Can I be a pro-life feminist?

Annie Magee 8 May 2014

Apparently not.

I am signed up to the CUSU Women’s Campaign because I have greatly appreciated and supported their work during my first year at Cambridge. That was until I recently received an email from CUSU Women’s Officer, Lauren Steele, asking me to protest against a debate arguing that ‘genetics and disability should not be used as grounds for abortion’. The debate was co-sponsored by Cambridge Students For Life and MedSoc, moderated by a lecturer in bioethics, and included two speakers for the motion and two against.

What hit me most strongly in this email was the remark from Lauren that “I've even seen groups claiming that the existence of abortion is 'anti-women', that the real feminist position is against reproductive rights”. Clearly, she disagrees with this statement, and I believe that it is her right to hold that opinion, but arguing that this viewpoint is not the ‘real feminist position’ only suggests that she believes in an alternative ‘real feminist position’. The use of this term is self-contradictory and frankly, bizarre.

I’m not talking about whether we should be pro-life or pro-choice, but about being open-minded enough to accept that not all people share the same opinions, and that discussion on controversial topics is fruitful. The email assumed that I, as a feminist, should be not only pro-choice, but also actively against pro-life discussion. My personal stance (pro-choice) is irrelevant, because I want my pro-life peers to feel that they, as feminists, are allowed to express the beliefs that they hold. After all, feminism is about freedom as much as anything else; women’s freedom of speech and of behaviour. Essentially, for women to have the same freedoms as men.

Inevitably, free speech and behaviour will lead to contradictory opinions amongst groups. This is not just the case for feminists but also for all groups of people, but we should overcome this by being able to talk about our views and sensitively debate them. I can be a pro-choice feminist and the man or woman next to me can be a pro-life feminist. It is the ensuing discussion that counts.

I accept pro-choice feminism on the grounds that women should have free control over their bodies and their pregnancies if it is appropriate in the situation. I accept pro-life feminism on the grounds that men and women should be free to hold and express their reasoned arguments against abortion. Whatever the reasoning for being pro-life, it is (at least in Cambridge), likely that it is not primarily because they disagree with women’s rights. The two questions of women’s rights over their body and the belief that it is ethically wrong to abort a pregnancy may well be reconcilable. Feminism should not equate to women being free of ethical boundaries, and it should not mean that women have the right to anything and everything. The key issue, as always with the central meaning of feminism in mind, is equality.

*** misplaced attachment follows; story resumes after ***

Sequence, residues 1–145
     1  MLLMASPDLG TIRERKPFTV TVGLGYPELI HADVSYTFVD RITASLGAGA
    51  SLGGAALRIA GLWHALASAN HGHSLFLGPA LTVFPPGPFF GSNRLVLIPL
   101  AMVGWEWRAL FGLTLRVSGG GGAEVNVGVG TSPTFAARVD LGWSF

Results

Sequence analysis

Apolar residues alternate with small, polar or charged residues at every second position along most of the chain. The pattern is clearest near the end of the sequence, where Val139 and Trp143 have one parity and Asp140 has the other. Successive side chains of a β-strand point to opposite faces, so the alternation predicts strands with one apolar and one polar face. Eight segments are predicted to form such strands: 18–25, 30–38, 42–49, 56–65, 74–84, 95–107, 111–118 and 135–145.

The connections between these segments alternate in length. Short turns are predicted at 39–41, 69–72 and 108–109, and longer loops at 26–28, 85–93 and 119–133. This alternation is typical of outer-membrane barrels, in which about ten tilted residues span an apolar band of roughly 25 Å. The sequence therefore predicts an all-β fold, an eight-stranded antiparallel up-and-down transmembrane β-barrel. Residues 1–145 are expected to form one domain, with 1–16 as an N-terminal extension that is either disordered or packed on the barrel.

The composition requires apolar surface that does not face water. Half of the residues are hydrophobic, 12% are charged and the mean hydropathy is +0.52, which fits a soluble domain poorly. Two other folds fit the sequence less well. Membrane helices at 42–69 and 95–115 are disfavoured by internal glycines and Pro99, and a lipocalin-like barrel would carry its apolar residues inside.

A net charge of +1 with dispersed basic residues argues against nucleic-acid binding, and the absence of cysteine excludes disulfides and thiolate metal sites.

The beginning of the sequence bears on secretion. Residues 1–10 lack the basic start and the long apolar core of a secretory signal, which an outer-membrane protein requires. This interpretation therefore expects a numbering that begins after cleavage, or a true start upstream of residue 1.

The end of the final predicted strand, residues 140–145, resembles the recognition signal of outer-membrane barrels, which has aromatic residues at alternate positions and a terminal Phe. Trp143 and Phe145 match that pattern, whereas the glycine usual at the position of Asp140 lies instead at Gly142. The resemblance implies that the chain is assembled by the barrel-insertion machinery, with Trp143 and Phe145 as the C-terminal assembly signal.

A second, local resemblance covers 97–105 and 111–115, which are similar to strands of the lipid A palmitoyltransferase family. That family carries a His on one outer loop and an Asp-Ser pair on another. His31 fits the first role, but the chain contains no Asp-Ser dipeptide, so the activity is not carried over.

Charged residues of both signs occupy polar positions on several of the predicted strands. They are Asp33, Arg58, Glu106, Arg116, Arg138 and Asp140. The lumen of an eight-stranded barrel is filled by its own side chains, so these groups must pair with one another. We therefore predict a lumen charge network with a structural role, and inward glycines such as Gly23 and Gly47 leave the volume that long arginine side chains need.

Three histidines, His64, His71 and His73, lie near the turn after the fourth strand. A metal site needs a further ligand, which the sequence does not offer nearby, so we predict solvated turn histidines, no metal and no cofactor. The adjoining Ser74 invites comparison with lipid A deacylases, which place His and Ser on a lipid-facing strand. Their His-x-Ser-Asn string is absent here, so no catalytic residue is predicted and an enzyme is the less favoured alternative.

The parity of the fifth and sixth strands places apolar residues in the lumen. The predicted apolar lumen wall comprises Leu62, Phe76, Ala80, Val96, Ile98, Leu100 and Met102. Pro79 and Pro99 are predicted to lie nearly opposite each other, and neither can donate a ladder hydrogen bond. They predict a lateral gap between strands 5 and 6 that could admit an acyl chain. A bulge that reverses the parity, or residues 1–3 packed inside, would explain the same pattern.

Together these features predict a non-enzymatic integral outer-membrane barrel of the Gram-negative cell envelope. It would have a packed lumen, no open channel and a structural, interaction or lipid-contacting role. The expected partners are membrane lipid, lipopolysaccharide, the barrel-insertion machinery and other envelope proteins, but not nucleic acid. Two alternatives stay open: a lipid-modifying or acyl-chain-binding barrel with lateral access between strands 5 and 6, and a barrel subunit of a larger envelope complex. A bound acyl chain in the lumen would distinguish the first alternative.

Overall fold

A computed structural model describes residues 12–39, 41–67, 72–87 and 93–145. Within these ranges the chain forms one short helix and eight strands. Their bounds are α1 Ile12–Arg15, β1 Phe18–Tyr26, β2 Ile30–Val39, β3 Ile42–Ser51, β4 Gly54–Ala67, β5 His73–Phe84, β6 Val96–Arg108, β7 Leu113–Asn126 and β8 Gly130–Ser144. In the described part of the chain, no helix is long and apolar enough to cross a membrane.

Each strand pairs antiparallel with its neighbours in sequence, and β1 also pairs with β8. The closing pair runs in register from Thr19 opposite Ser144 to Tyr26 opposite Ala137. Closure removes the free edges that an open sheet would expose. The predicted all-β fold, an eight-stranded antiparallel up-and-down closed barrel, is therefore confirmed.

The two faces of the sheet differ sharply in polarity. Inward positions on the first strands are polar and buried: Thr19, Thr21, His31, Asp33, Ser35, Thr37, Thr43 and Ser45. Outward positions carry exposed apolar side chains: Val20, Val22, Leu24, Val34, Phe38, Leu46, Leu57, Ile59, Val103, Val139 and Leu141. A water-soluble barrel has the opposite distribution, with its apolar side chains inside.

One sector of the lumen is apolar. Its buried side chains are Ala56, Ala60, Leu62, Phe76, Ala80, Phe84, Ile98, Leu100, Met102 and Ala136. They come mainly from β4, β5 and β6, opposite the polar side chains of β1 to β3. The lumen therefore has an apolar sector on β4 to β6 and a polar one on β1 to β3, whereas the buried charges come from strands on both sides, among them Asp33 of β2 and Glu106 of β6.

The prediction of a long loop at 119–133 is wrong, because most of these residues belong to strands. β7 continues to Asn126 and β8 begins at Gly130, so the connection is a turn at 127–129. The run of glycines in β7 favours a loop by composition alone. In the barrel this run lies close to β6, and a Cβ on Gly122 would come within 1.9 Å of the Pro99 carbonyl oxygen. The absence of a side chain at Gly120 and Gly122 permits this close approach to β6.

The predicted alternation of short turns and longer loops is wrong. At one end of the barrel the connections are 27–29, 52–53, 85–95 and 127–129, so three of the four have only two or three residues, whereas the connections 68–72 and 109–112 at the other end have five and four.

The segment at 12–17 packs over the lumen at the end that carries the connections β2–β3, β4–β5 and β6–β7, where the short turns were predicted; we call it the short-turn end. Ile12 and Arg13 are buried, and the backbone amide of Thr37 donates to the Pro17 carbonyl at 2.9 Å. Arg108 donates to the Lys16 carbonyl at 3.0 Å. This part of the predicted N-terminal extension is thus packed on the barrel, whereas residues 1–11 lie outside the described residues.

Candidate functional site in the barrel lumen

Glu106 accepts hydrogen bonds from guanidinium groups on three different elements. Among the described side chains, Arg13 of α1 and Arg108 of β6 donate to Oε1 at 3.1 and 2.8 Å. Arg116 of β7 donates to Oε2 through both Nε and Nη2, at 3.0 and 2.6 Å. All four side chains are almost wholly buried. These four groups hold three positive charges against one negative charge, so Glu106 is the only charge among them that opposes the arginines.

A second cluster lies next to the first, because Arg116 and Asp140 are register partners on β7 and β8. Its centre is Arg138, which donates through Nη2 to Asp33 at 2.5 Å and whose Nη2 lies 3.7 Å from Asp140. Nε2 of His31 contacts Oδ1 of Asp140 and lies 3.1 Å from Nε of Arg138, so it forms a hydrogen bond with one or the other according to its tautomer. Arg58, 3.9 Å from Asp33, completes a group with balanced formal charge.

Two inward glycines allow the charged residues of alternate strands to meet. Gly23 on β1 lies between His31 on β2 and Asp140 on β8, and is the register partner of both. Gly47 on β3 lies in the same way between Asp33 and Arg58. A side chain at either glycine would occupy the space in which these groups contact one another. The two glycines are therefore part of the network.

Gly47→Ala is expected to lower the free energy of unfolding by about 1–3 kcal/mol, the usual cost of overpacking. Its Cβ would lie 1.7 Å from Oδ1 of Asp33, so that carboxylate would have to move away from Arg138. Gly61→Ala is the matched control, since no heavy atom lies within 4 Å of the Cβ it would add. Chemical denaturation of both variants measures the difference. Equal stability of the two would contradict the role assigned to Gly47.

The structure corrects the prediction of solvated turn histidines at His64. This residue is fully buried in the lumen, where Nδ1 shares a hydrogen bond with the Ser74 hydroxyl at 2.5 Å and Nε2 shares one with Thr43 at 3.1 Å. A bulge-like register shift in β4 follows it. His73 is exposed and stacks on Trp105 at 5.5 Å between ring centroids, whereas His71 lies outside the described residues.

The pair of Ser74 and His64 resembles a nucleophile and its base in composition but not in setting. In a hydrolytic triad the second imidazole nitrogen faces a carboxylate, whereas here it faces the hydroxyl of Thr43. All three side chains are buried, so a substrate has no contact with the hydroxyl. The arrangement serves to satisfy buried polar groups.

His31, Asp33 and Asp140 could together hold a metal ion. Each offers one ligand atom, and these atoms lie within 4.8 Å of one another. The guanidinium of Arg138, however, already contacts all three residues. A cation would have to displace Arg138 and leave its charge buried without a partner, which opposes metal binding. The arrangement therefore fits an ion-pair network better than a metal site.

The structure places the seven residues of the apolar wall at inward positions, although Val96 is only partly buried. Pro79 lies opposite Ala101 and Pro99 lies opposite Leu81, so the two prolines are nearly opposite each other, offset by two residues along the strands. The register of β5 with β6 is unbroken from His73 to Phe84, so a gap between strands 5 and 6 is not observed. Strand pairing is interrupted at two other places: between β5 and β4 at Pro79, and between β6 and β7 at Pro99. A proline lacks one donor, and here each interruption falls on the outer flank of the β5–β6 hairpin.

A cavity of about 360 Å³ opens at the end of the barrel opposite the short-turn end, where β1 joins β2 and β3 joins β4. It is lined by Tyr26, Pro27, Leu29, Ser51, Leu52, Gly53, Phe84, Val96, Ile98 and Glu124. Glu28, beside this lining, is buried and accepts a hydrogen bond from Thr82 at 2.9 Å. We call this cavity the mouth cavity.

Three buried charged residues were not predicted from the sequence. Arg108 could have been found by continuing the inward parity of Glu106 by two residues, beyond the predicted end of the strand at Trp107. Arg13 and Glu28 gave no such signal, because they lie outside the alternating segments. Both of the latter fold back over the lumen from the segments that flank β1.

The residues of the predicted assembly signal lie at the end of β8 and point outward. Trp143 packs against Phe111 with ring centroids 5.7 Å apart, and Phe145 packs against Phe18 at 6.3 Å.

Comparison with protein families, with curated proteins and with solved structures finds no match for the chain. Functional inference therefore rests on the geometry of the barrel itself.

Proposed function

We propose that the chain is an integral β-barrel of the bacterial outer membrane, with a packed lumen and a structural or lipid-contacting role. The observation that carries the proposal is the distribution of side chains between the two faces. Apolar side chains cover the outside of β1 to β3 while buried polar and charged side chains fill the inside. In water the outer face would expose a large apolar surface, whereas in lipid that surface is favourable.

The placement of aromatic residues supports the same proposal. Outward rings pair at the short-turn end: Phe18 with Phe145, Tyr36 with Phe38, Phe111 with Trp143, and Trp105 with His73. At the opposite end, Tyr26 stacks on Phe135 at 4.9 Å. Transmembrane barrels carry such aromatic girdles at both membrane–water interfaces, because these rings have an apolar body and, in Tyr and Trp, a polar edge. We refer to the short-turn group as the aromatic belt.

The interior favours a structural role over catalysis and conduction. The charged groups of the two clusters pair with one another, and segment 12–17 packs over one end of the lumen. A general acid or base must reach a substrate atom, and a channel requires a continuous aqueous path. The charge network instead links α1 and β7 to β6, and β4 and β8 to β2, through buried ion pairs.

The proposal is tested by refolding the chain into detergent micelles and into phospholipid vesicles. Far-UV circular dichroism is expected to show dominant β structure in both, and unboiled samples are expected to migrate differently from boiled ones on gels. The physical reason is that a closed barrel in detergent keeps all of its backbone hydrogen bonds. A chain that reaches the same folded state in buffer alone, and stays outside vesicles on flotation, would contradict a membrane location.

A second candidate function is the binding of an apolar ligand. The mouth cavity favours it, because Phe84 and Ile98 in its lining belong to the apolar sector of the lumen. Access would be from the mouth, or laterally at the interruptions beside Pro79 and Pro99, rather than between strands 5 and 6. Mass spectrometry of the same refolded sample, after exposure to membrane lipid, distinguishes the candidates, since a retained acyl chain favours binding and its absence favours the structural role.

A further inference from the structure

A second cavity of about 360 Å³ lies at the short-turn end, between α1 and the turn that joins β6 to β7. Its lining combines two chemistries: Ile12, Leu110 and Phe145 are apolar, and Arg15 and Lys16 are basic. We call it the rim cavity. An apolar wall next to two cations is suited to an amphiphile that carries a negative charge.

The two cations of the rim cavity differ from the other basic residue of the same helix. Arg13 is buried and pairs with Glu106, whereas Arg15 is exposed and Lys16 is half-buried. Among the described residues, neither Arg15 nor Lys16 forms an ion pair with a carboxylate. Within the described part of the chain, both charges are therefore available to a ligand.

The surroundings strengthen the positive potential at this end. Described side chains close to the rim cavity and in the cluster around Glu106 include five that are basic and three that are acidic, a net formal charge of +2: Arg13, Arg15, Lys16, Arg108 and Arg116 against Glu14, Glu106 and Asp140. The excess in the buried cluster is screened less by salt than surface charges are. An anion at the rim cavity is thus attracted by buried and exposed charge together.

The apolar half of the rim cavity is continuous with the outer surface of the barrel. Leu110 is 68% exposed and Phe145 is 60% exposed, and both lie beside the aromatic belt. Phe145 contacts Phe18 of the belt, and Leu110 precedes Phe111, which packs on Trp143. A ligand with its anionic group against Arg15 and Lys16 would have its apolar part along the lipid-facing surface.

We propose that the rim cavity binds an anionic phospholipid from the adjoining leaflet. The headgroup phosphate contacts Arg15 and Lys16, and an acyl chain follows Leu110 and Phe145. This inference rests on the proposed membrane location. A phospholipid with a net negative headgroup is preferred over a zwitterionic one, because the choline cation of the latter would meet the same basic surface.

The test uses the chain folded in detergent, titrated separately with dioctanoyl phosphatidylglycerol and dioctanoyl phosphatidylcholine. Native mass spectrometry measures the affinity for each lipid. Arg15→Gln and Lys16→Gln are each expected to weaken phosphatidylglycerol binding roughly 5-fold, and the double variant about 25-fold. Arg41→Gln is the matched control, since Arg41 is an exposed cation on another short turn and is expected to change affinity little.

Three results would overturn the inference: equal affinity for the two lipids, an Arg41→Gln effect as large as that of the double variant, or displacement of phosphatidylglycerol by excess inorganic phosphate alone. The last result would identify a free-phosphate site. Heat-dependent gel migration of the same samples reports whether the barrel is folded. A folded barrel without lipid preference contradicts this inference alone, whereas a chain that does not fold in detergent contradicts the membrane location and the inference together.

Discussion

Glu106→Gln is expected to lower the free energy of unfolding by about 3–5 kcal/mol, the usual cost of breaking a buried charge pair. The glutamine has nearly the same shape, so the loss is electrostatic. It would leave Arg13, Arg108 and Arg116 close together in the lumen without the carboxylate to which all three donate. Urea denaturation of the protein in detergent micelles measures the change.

It seems clear to me that this debate was intended by CSFL to be a platform for expressing not only their own beliefs but also for understanding the beliefs of others; to give equality to both viewpoints. By protesting rather than engaging with the debate, the CUSU Women’s Campaign missed an opportunity to express their opinions and engage with people of different beliefs, and they cut out their own voice in not even supporting the defence of pro-choice at the debate. I was very disappointed by this decision on their part, considering the potential they had to spark positive interest in their side of the debate.

It was whilst I read this email that I understood what many a Cambridge student has meant when they said that they felt ‘unwelcome’ in the Cambridge feminist movement. There is, of course, no singular, set, ‘real’ feminist viewpoint. A feminist is free to decide for him or herself where they stand on all issues, including this one. What makes them count as a feminist is the overarching pursuit of gender equality in every walk of life.

Personally, I am pro-choice, but I accept that others have pro-life beliefs which are not inherently anti-feminist. I do hold a ‘real feminist position’, and I am a ‘real feminist’, but if my open-mindedness is not accepted by the CUSU Women’s Campaign, then I shall take my feminism elsewhere.